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bsmith82 06-13-2009 07:35 PM

insulating walls in my 1978 home
Hello- last winter, my northwest bedroom walls were so cold, there was frost on the inside wall. some water running down etc... I could tell from the touch that perhaps one or several cavities were probably without insulation, yet when I removed the plug plate, I could not push a coathanger into the wall with out hitting insulation. Another was clearly without insulation.

I have to do something. Can I safely add blow in foam to the wall with fiberglass batts ? I am thinking of cutting a 6 " horizontal strip of drywall out to get a better picture of the interior cavity wall. I can repair the wall-I am sure- (wainscoating, beadboard etc)

Would it be ok to just blow the foam in, or should I remove any fiberglass that might be in there and has collapsed.?
Thank you for your help.:confused:

glennjanie 08-15-2009 04:05 PM

Welcome BSmith:
I would prefer to work on the surface of the wall by using styrofoam sheets, either on the inside or the outside. We recently used the 'fan-fold' 3/8" foam on our house covered with vinyl siding. It is amazing, how much difference we have noticed. I am in a more moderate temperature area than you though.
You could add 2" foam sheets to your inside walls and cover it with gypsum wallboard for a super barrier. Of course you would have to extend your outlets and door and window frames to the new surface.

kok328 08-17-2009 08:35 AM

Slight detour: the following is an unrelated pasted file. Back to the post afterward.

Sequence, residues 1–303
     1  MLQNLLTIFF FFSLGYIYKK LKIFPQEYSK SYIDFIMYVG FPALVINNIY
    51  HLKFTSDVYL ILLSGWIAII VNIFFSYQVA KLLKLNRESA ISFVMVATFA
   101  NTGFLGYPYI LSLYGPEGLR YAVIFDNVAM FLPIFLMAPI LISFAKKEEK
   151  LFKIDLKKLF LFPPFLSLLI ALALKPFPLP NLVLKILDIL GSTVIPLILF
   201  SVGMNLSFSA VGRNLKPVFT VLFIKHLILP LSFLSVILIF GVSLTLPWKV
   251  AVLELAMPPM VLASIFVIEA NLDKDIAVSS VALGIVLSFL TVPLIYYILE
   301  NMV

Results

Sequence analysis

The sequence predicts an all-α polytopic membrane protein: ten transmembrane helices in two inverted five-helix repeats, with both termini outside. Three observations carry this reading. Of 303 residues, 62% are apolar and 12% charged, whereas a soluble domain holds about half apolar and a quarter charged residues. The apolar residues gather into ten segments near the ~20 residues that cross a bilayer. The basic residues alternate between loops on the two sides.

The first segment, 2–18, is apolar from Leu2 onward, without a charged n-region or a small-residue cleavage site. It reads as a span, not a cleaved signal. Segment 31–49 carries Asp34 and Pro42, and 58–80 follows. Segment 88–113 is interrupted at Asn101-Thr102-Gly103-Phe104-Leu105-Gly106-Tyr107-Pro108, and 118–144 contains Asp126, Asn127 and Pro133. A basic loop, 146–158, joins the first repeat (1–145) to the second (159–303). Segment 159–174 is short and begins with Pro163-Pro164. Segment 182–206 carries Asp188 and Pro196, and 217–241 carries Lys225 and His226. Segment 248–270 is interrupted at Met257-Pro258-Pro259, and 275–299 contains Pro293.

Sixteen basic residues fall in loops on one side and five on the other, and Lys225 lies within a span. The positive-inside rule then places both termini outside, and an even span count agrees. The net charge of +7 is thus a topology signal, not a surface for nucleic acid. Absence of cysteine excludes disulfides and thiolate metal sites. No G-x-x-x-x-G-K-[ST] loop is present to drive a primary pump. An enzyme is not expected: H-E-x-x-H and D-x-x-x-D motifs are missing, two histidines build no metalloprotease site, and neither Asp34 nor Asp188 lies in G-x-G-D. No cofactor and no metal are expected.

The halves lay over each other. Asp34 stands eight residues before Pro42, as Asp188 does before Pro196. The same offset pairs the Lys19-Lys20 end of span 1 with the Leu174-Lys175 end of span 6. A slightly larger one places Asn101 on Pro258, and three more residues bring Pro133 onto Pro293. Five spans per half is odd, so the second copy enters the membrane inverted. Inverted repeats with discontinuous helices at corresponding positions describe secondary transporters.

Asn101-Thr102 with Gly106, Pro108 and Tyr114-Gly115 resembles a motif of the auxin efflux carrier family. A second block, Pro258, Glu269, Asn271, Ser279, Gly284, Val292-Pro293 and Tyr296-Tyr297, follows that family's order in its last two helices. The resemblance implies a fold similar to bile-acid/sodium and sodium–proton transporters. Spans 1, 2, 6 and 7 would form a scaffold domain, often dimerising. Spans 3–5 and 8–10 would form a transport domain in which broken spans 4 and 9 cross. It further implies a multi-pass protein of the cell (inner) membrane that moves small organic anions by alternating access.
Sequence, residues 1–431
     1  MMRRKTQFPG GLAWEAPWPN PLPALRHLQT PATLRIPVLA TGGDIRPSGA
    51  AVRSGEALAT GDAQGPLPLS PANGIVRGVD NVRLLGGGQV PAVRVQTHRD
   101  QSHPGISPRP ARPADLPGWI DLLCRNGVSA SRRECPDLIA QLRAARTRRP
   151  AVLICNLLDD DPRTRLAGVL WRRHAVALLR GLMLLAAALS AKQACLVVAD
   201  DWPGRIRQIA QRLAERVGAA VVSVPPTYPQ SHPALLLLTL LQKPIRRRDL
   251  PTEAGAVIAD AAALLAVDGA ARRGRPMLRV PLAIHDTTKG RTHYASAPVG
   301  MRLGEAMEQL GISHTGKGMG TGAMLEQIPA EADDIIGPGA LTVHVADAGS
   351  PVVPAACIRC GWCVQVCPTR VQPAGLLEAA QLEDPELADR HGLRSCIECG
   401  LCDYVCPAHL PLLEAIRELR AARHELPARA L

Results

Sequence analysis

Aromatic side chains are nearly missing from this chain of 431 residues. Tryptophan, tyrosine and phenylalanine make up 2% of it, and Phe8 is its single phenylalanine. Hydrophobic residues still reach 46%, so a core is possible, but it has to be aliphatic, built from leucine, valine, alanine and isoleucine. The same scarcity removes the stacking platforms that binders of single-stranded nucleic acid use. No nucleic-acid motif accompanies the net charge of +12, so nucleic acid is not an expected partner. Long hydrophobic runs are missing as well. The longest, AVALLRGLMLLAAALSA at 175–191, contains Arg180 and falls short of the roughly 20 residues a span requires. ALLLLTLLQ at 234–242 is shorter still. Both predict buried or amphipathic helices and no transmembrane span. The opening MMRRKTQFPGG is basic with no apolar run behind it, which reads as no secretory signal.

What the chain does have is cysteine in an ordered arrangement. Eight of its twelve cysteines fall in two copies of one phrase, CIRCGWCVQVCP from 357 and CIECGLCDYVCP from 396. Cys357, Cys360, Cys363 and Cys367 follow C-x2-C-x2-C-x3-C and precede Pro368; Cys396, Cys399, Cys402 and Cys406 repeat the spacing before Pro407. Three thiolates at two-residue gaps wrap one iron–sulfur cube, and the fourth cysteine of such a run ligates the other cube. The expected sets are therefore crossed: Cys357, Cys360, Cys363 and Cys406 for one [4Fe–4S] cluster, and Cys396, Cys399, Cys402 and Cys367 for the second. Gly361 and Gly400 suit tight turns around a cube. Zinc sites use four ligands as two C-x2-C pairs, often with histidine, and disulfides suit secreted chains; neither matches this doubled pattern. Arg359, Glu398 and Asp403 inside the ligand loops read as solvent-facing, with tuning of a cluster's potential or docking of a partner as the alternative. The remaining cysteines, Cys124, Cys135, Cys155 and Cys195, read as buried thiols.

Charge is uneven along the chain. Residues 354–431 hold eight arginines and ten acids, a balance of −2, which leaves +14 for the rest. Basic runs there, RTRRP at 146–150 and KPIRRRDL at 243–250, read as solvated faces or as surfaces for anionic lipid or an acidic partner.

It might sound extreme but, drywall and mud is cheap enough. Also with the mention of moisture, I'd want to inspect the entire cavity for mold. I'd remove the drywall from the entire wall, remediate any mold issues, reinsulate, install new drywall and finish the surface. Collapsed fiberglass is not an effective insulator and should be removed, blow foam might be overkill and is expensive.

SJNServices 01-05-2010 06:31 AM

I completely agree that the wall should be ripped out and checked for mold, etc. Then you can properly insulate and even throw in a new outlet or two if you want. Don't forget the moisture barrier. Heck, you might find that the new wall is so nice that you'll end up going all the way around the exterior walls in your house. Also check for leaks from windows and along the top plate from the roofing coming down into the wall.

GBR 01-05-2010 08:09 PM

If you go that route, don't use fiberglass again, there are much better choices available.And with the others, you get what you pay for.....

Be safe, Gary

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